In Sweden, the government has passed a law to enforce and fund a national register of dispensed medications. Since July 2005, all dispensed prescriptions from all pharmacies are automatically recorded in a mandatory national pharmacy register, independent of different care settings or prescribers and whether or not the individual is reimbursed for the medication. Thus, the register provides complete information on medications dispensed to the individual, with the exception of over-the-counter drugs, herbal remedies, and drugs dispensed for inpatients at hospitals [11]. The dispensed medication register is thought to suffer less from inaccuracy than a prescribed medication register, as dispensed drugs are closer to the true exposure of consumed drugs than are prescribed drugs. The record is mandatory, but the individual decides if and how he or she will use the information. The information cannot be modified by the individual. The register can be accessed by the individual online via “My dispensed medications”. We considered it important to assess a first group of users of the Web site, to suggest improvements of the service.

    The aim of the present study was to evaluate the users’ attitudes towards their access to “My dispensed medications” as part of a new, interactive Internet service on prescribed medications.


    Methods

    We conducted a Web survey among users of the Web-based service “My dispensed medications”. The questionnaire was developed for the purpose of this survey by two of the authors and validated by an experienced evaluator. The researchers did not have any access to the respondents’ medication records. The study was not subject to Institutional Review Board approval. All data in this study were given by the survey respondents. The respondents’ opinions were anonymously collected and analyzed with regard to the usefulness and design of the Web site, the respondents’ willingness to discuss their “My dispensed medications” with others, their reasons for access, and their source of information. The study period of 34 days ran from January 31 to March 6, 2007.

    “My dispensed medications”

    “My dispensed medications” is a Web-based service where individuals can access their list of dispensed drugs recorded in the Swedish national pharmacy register (Figure 1). Prescribers and pharmacists can only access the register with an individual’s consent, with an exception being made for physicians in case of emergency. The register is individual-based, including all dispensed prescription drugs to a person, independent of different prescribers, or whether or not the individual is reimbursed for the medication. The information is stored in the register for 15 months and thereafter cleared. In Sweden, iterations of prescriptions are filled every third month. In September 2006, 6.4 million individuals were registered in the Swedish national pharmacy register, representing 71% (6,424,487/9,047,752) of the Swedish population [11]. “My dispensed medications” is located on the Web site of Apoteket AB, The National Corporation of Swedish Pharmacies [12].

    Figure 1. Screenshot of a demo of the web-based service “My dispensed medications” (English explanations in red boxes)
    View this figure

    The Web survey was closed and password-protected, due to the requirement for a secure digital signature when logging on to “My dispensed medications”. The secure digital signatures are issued by Swedish banks, stored on computers, and used by the individual in combination with a personal code, and they are in general use in Sweden by several authorities and private companies for personal identification in online contacts. All Swedish citizens at the age of 18 and above can easily apply for a secure digital signature over the Internet from all major banks. In February 2007, there were about 1 million unique individuals with secure digital signatures in Sweden (personal communication, BankID, Sweden).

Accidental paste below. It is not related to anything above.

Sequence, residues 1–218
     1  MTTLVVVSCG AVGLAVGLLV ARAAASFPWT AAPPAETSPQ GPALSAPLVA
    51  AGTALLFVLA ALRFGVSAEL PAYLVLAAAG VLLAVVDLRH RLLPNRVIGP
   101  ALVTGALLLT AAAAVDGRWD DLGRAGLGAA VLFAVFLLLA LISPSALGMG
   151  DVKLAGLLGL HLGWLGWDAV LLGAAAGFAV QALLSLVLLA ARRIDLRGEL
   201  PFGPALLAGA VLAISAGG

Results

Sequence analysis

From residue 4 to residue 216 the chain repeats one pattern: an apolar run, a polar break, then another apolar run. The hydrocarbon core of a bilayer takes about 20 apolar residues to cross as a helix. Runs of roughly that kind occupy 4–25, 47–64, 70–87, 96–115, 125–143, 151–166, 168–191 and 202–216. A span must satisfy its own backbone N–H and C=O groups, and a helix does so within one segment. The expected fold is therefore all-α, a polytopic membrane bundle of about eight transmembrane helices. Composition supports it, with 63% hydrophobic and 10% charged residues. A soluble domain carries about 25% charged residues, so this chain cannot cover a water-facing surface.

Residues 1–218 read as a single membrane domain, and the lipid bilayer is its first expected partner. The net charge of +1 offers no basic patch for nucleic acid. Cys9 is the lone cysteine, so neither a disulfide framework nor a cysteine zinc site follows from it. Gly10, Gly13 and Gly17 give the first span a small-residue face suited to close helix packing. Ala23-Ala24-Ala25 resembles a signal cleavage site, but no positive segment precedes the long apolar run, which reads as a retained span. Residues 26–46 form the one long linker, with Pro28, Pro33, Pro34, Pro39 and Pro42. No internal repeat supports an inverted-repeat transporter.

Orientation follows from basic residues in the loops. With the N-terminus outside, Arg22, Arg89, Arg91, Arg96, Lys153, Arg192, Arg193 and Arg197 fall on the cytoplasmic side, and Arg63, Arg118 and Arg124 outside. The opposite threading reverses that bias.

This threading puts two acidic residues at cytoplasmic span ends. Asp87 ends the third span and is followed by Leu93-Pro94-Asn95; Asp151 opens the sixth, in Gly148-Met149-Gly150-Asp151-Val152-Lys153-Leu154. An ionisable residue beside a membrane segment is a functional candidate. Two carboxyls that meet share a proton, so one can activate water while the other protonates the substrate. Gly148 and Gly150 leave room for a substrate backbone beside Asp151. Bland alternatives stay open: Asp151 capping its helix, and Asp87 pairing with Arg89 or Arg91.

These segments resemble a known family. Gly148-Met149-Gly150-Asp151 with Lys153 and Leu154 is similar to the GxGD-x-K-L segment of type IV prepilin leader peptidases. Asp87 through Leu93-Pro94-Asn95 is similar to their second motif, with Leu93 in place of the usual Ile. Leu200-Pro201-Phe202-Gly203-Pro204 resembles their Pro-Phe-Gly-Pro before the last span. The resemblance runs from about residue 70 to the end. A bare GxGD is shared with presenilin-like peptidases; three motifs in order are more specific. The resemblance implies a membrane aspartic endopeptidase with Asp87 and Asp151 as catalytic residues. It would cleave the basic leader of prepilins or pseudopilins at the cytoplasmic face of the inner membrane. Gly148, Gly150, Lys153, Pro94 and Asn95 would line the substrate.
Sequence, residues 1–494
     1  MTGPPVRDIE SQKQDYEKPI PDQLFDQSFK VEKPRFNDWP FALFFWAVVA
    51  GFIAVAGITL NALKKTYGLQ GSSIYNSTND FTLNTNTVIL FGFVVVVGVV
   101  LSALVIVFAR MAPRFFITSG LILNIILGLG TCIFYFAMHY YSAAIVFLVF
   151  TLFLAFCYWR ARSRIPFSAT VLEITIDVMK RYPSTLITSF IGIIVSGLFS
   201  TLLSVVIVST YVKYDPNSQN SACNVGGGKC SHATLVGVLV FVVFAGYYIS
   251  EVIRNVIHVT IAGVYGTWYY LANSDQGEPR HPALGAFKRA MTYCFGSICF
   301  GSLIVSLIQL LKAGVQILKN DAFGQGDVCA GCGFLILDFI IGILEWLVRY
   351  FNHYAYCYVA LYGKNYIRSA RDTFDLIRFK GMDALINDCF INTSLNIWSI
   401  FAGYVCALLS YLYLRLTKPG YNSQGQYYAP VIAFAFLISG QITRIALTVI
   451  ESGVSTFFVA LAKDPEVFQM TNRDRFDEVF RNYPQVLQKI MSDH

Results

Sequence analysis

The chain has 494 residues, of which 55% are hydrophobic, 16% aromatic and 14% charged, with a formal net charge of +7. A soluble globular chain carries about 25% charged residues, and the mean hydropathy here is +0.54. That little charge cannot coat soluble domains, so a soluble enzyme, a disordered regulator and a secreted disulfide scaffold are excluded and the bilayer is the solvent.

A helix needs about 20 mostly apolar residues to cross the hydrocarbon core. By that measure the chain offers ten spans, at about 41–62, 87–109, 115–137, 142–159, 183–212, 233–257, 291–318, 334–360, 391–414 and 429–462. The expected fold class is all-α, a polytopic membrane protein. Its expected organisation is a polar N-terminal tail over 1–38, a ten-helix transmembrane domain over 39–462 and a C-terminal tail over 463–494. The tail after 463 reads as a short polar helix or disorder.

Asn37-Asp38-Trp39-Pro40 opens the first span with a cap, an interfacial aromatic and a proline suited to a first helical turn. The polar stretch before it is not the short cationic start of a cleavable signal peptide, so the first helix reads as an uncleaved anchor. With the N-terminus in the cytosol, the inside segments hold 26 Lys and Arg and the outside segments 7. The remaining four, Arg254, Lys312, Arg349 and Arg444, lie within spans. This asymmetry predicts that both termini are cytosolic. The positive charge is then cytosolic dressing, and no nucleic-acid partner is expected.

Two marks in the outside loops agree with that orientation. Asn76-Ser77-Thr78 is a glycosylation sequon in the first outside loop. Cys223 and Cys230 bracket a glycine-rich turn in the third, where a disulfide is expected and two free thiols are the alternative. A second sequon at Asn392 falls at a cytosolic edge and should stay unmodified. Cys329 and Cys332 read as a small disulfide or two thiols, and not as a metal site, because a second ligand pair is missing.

Survey Design

    All registered individuals using the register online to view their “My dispensed medications” during the study period were sent an invitation two seconds after they had logged on asking them to answer the survey. The registered individuals were notified that their responses would be used to improve the service “My dispensed medications” and that the survey would take less than five minutes to answer. The invitation request was not hindered by pop-up blockers. A cookie was set on the page “My dispensed medications”, preventing the invitation from being sent to the same computer twice during the study period. A unique site visitor was determined based on the use of their secure digital signature. The Web survey was not announced or advertised prior to the invitation. It was a voluntary survey. Individuals could reject the invitation or simply close the invitation screen. No incentives were offered for answering the survey.

    When the visitor had approved the survey, 12 statements and 3 questions followed about their attitudes towards “My dispensed medications”, as well as 4 questions on their demographics (Tables 1, 2, and 3, and Multimedia Appendix 1). The first 7 statements were intended to answer the extent to which the respondents agreed with the purposes of the law restricting the use of the Swedish national pharmacy register [11]. The statements were displayed on two screens and the 7 questions on one screen each, yielding 11 screens in total, including the invitation screen and a final confirmation screen. By using the “back” button, respondents could review and change their answers. The respondents were allowed to skip a survey question. Checks for completeness were made after submission. All submitted surveys were analyzed. Skipped questions were reported as “no response” (Tables 1, 2, and 3).

    The respondents agreed/disagreed with statements 1-12 graded on a scale ranging from 1 (do not agree at all) to 6 (fully agree) (Table 1). For the questions, the first one could only be answered with 1 of 6 alternatives, whereas questions 2 and 3 could be answered with several of the 5 alternatives (Table 2). For demographic questions, only one alternative could be chosen (Table 3). The respondents were able to provide free-text feedback to all statements and all questions on their attitudes.

    Statistics